We developed DH populations and evaluated QTLs for micronutrients and grain shape in rice. The QTLs qFe3-1 and qZn3-1 were co-located on chromosome 3, suggesting that traits governing high Zn and Fe concentrations may occur simultaneously in rice. These QTLs for Zn and Fe on chromosome 3 will accelerate breeding work to accumulate QTLs of genes related with micronutrient traits in rice grains and help develop desired biofortified rice cultivars for alleviating malnourishment in a large part of the world.

ACKNOWLEDGEMENTS

This work was supported by the “Cooperative Research Program for Agriculture Science & Technology Development (Project No. PJ01428202)” of the Rural Development Administration, Republic of Korea.

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Article information Continued

Fig. 1

Frequency distribution of grain morphological and micronutrient traits. (A) Early-transplanted doubled haploid (DH) population. (B) Late-transplanted doubled haploid (DH) population.

Fig. 2

A heatmap depicting correlation coefficients between grain morphological and micronutrient traits. Numbers in circles indicate significant correlations using a two-paired t-test (n = 123 DH lines). (A) Early-transplanted doubled haploid (DH) population. (B) Late-transplanted doubled haploid (DH) population. GL: Grain length, GW: grain width, LWR: length-to-width ratio.

Fig. 3

Physical locations of QTLs for grain morphological and micronutrient traits. (A) Early-transplanted doubled haploid (DH) population. (B) Late-transplanted doubled haploid (DH) population.

Table 1

QTLs for grain morphological and micronutrient traits detected in the early-transplanted DH population derived from 93-11/Milyang352 populations.

Traits QTL name Chr. Position (Mb) Left_marker Right_marker LOD PVE (%) Additive effect
Grain length qGL1-1 1 42.4 KJ01_125 KJ01_127 5.1 9.0 ‒0.09
qGL3-1 3 4.0 ah03000403 KJ03_017 8.0 13.6 0.11
qGL4-1 4 22.5 cmb0420.7 cmb0422.7 3.8 6.4 ‒0.08
qGL7-1 7 21.1 id7003072 KJ07_067 6.3 10.8 0.10
qGL12-1-1 12 2.3 id12000076 cmb1202.4 10.4 17.6 0.12
qGL12-1-2 12 24.3 cmb1224.0 cmb1226.0 6.0 9.3 0.09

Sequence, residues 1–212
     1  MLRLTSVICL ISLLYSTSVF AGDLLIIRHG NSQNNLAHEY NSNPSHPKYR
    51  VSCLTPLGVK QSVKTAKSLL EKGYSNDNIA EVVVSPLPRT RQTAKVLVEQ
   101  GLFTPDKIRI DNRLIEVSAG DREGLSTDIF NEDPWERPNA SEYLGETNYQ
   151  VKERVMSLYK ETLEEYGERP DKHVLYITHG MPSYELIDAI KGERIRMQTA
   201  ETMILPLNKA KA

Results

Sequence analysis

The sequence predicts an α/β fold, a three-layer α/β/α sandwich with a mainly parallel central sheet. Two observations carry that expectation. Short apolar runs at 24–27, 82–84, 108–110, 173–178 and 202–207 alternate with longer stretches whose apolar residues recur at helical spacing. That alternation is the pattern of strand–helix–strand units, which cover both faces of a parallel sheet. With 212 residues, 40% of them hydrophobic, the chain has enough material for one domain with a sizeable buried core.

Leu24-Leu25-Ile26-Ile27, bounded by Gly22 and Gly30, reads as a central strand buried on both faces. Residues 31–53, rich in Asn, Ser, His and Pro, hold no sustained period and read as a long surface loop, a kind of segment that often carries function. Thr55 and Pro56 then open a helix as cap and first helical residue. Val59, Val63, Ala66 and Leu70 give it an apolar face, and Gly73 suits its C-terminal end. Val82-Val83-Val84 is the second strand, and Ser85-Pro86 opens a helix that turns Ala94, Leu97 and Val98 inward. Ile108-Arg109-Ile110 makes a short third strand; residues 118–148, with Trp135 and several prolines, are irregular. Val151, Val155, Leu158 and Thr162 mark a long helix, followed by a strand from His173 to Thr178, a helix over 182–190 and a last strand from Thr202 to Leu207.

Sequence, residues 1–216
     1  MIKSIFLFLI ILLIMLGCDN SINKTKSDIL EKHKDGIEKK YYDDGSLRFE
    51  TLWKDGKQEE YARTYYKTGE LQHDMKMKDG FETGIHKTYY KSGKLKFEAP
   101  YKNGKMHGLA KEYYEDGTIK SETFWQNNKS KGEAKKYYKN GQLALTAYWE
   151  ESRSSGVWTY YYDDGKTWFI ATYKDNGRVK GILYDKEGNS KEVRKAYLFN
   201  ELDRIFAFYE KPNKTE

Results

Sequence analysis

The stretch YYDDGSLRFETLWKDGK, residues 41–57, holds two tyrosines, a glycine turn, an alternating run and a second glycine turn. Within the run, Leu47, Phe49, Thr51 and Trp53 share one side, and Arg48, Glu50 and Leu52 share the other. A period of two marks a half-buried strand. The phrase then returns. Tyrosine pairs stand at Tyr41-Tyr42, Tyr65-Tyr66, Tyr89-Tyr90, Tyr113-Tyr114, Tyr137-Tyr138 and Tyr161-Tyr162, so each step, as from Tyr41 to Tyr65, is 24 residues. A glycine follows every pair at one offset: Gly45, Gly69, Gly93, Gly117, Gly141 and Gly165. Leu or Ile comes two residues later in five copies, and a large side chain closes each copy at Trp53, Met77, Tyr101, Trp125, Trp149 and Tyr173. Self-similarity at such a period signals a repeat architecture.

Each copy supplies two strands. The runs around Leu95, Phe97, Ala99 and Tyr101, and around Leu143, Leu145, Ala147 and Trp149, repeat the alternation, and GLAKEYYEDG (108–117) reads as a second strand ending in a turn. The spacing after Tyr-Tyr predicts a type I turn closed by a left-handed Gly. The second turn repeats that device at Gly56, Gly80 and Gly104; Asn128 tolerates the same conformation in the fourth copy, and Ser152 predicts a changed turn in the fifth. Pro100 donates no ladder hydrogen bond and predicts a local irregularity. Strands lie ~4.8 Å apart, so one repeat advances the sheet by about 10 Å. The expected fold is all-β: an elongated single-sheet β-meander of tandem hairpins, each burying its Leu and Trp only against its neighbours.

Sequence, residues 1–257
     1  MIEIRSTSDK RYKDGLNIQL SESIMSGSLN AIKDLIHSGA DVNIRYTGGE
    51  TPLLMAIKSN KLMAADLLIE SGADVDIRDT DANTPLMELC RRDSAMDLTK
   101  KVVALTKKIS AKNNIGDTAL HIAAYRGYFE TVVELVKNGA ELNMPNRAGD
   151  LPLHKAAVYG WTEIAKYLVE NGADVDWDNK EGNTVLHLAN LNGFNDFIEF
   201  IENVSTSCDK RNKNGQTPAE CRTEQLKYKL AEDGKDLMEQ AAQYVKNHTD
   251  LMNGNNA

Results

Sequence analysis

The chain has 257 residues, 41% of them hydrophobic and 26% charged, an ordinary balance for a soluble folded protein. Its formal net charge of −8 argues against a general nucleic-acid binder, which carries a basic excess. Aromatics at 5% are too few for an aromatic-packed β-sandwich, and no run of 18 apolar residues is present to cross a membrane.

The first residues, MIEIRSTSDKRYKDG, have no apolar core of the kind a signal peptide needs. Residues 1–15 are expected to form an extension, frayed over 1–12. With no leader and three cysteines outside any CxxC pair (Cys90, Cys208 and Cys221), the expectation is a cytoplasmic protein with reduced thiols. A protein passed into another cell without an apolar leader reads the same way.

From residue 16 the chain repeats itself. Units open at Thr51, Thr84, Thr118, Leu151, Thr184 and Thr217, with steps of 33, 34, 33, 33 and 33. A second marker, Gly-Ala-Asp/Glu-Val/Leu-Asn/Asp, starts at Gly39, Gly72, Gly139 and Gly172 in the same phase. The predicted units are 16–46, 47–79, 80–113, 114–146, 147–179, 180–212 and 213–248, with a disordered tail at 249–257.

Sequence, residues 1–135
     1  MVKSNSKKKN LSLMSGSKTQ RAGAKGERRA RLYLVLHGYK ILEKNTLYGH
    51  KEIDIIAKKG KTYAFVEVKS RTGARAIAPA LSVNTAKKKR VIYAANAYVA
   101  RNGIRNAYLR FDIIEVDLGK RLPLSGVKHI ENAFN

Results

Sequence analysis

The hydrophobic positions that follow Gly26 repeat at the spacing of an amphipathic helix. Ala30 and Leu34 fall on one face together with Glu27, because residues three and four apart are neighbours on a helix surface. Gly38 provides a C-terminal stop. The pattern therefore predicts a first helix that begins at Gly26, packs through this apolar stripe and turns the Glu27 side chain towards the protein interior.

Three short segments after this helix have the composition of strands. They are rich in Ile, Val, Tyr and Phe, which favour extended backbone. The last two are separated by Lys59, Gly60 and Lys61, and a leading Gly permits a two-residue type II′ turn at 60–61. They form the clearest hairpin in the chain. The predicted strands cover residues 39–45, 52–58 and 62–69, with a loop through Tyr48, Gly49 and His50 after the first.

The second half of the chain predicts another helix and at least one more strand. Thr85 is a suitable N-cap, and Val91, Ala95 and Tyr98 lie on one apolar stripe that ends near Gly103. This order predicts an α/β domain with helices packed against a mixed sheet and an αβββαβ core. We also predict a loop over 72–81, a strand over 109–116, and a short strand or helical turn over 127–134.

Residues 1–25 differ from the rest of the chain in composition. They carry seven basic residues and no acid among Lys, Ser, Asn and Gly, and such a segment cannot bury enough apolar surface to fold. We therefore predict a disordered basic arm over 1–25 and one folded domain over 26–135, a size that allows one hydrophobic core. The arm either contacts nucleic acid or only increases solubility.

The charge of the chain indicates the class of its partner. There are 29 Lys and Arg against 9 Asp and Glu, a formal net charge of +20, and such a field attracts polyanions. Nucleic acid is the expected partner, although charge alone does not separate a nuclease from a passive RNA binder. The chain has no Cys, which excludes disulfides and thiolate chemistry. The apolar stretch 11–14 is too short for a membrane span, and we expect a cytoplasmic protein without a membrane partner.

Grain width qGW5-1 5 4.8 KJ05_013 KJ05_017 9.8 26.0 ‒0.09
qGW7-1-1 7 3.1 KJ07_013 cmb0703.2 5.4 14.2 ‒0.07
qGW7-1-2 7 29.1 cmb0728.5 KJ07_085 3.4 9.9 ‒0.06
Grain length/width ratio qLWR3-1 3 33.0 id3015453 ah03002520 4.6 10.0 0.08
qLWR5-1 5 10.8 id5004086 cmb0511.1 8.2 19.5 0.11
qLWR7-1 7 6.1 KJ07_021 id7001155 5.6 13.3 0.09
Zn content qZn3-1 3 26.0 ad03013905 ad03014175 5.8 18.0 ‒0.10
Fe content qFe3-1 3 32.0 ad03014175 KJ03_069 2.7 10.7 ‒0.10

Table 2

QTLs for grain morphological and micronutrient traits detected in the late-transplanted DH population derived from 93-11/Milyang352 populations.

Trait QTL name Chr. Position (Mb) Left_marker Right_marker LOD PVE (%) Additive effect
Grain length qGL4-2 4 20.7 cmb0420.7 cmb0422.7 5.04 10.95 ‒0.0971
qGL7-2 7 20.3 id7003072 KJ07_067 8.28 20.2 0.1293
Grain width qGW1-2-1 1 0.4 id1000223 KJ01_001 6.19 4.75 0.0403
qGW1-2-2 1 19.3 id1010652 KJ01_065 5.99 4.52 0.0454
qGW4-2 4 30 id4009823 cmb0432.2 6.36 5.36 0.0459
qGW5-2 5 4.7 id5002497 KJ05_013 25.23 29.16 ‒0.0998
qGW7-2-1 7 23 cmb0723.0 KJ07_069 17.17 16.84 0.0788
qGW7-2-2 7 24.2 KJ07_071 SLG7-GC 6.78 5.4 ‒0.0493
qGW10-2 10 21.4 KJ10_043 ah10001182 10.86 9.21 ‒0.0579
Length/widgh ratio qLWR1-2-1 1 2.1 KJ01_005 id1009557 4.61 7.53 ‒0.0622
qLWR1-2-2 1 33.1 id1018870 KJ01_097 7.51 9.41 0.0744
qLWR4-2 4 30 id4009823 cmb0432.2 11.68 15.04 ‒0.0926
qLWR5-2 5 4.7 id5002497 KJ05_013 25.1 42.63 0.1473
Zn content qZn3-2 3 33 id3015453 ah03002520 9.16 24.56 ‒0.0002
qZn4-2 4 26.4 ad04009559 ah04001252 4.11 9.89 ‒0.0001
Fe content qFe3-2 3 27.1 ad03014175 KJ03_069 4.67 17.1 ‒0.0001